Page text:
The poor success with conventional therapy supported the need to search for novel treatments to restore functionality and regenerate tissue as close to native tendon as possible. Stem cell-based strategies represent promising therapeutic tools for tendon regeneration in both human and veterinary medicine, as illustrated by the more than 1000 clinical trials currently ongoing. Mesenchymal stem cells (MSCs) are frequently investigated due to their ability to repair tissue and reduce inflammation, however, clinical application has been hampered by several limitations. First, the mechanism of action of MSCs is not unravelled yet as their effects are multifaceted and strongly cell- and tissue context-dependent. Second, many experimental and pre-clinical studies have been conducted, but convincing evidence based on randomized, controlled, clinical studies in equine or human patients, is still lacking and outcomes of long-term follow-up studies do not meet expectations. Third, various practical considerations regarding MSC source, dosage, administration technique, and timing, remain unanswered.

Traditionally, rodent tendinopathy models are used in research, however, translation of research findings is hampered as tendon structure and biomechanics are not comparable between humans and rodents due to the small size and low body weight of the latter. The human Achilles tendon and the equine superficial digital flexor tendon, on the other hand, are analogous in structure and function and are both frequently injured during high-intensity exercises. To study both tendon (patho-)physiology and MSC-mediated healing mechanisms in tendon injuries, controllable and reproducible in vitro conditions should be established, bypassing the confounding factors associated with in vivo clinical trials.

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In the Veterinary Stem Cell Research Unit of the Faculty of Veterinary Medicine, Ghent University, we are developing a physiologically representative tendinopathy model by combining equine cells (tendon and endothelial cells), chemically modified gelatin (isolated from collagen and the most abundant protein in tendon), additive manufacturing techniques (such as 3D bioprinting and electrospinning), and mechanical stimulation. Briefly, the model will mimic the hierarchical structure of the tendon extracellular matrix with elongated tendon cells being parallelly organized. To obtain appropriate matrix alignment in this pathophysiological model, applying mechanical stimulation, i.e. uniaxial stretching, is mandatory. As such, new insights in tendon pathophysiology will be generated by studying the interactions between tendon cells and factors secreted in response to mechanical (over-)stimulation. Additionally, this in vitro model can be used to evaluate novel therapies in a controlled and representative environment, prior to clinical trials, which will reduce the number of experimental animals used. Moreover, as the horse is recognized as animal model for orthopedic research, both human and equine veterinary medicine will benefit from the gained insights.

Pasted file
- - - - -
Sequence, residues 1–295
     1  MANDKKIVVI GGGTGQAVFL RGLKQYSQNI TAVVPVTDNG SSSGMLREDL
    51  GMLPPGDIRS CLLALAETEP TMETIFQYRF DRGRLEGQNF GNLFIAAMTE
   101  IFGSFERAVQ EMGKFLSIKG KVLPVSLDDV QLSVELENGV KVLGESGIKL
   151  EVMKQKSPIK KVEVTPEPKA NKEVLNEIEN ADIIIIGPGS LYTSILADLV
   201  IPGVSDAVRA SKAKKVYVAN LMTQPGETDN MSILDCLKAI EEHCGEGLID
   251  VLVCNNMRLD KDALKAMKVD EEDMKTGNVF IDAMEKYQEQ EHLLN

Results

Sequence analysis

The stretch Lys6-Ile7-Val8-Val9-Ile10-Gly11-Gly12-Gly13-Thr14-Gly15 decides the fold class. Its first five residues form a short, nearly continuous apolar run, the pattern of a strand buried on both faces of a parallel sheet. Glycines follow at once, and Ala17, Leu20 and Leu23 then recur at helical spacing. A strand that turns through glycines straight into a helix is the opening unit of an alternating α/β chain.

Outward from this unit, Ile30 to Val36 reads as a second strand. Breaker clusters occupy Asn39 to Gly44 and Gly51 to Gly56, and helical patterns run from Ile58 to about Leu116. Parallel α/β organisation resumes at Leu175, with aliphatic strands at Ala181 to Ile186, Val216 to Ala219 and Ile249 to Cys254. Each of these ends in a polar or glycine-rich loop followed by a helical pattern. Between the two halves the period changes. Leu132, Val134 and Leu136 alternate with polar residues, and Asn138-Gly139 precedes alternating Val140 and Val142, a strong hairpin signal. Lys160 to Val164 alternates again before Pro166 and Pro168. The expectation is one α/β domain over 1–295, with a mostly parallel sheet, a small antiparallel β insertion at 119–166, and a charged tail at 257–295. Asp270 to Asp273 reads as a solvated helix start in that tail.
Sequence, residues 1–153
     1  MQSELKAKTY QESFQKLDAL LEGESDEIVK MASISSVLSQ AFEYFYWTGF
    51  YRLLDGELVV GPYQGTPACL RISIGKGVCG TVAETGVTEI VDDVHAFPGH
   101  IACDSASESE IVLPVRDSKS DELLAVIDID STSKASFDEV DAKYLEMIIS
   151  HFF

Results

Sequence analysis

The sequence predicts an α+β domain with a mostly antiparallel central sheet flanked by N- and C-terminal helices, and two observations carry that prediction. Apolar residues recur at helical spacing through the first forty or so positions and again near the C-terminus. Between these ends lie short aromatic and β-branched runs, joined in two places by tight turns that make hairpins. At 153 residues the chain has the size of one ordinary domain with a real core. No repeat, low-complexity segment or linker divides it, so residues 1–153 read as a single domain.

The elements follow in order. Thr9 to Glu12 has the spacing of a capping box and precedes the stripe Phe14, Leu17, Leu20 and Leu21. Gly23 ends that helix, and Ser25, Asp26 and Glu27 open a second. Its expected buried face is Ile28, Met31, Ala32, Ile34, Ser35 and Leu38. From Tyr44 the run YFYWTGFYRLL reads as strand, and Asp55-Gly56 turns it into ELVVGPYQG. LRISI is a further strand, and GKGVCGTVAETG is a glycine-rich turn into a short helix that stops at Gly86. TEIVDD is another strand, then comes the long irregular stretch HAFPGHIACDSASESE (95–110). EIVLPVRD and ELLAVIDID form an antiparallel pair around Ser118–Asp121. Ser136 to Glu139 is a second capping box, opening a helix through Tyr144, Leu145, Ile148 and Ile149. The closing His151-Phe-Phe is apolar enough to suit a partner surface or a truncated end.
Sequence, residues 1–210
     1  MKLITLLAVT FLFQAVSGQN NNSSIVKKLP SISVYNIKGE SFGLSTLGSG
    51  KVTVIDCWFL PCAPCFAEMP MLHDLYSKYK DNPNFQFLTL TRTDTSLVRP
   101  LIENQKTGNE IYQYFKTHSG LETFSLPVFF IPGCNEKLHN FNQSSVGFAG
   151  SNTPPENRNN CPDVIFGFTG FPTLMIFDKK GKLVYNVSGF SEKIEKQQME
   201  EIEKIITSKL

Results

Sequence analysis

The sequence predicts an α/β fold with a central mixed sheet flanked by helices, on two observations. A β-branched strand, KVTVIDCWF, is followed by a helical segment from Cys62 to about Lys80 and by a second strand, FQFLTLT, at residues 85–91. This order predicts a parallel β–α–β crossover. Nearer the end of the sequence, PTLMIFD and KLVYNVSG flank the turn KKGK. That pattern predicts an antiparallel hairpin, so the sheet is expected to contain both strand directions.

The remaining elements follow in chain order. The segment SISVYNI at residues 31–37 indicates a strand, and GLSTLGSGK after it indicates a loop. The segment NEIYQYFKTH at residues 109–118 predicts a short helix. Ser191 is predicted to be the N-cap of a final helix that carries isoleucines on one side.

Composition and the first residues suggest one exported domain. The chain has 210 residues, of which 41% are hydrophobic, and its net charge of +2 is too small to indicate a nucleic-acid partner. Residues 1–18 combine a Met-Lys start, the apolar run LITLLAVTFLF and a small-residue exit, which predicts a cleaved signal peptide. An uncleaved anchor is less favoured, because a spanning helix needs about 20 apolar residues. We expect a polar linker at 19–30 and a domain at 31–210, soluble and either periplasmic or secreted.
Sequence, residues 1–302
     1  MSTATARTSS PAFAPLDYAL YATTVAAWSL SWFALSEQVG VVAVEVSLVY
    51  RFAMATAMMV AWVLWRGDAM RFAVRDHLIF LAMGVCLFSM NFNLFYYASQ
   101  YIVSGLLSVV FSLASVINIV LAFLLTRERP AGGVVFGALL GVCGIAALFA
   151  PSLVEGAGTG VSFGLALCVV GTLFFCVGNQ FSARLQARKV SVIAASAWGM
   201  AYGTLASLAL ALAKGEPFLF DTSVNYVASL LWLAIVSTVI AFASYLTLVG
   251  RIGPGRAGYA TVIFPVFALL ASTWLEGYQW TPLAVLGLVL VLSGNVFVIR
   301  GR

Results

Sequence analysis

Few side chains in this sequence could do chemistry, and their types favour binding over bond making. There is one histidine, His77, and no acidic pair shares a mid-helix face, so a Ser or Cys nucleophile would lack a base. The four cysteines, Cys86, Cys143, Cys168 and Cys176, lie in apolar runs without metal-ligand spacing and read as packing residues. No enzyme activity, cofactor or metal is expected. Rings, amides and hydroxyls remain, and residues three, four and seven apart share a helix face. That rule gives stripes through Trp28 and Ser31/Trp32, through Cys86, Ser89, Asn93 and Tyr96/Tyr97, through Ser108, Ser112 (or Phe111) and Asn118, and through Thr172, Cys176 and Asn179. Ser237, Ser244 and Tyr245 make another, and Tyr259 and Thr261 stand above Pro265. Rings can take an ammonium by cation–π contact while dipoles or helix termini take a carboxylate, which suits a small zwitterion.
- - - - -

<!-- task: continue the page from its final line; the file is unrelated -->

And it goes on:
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More information & other sessions

Information on the upcoming sessions will be published soon. In the meantime, don’t hesitate to contact us via if you have any questions.



RE-Place Educational Webinar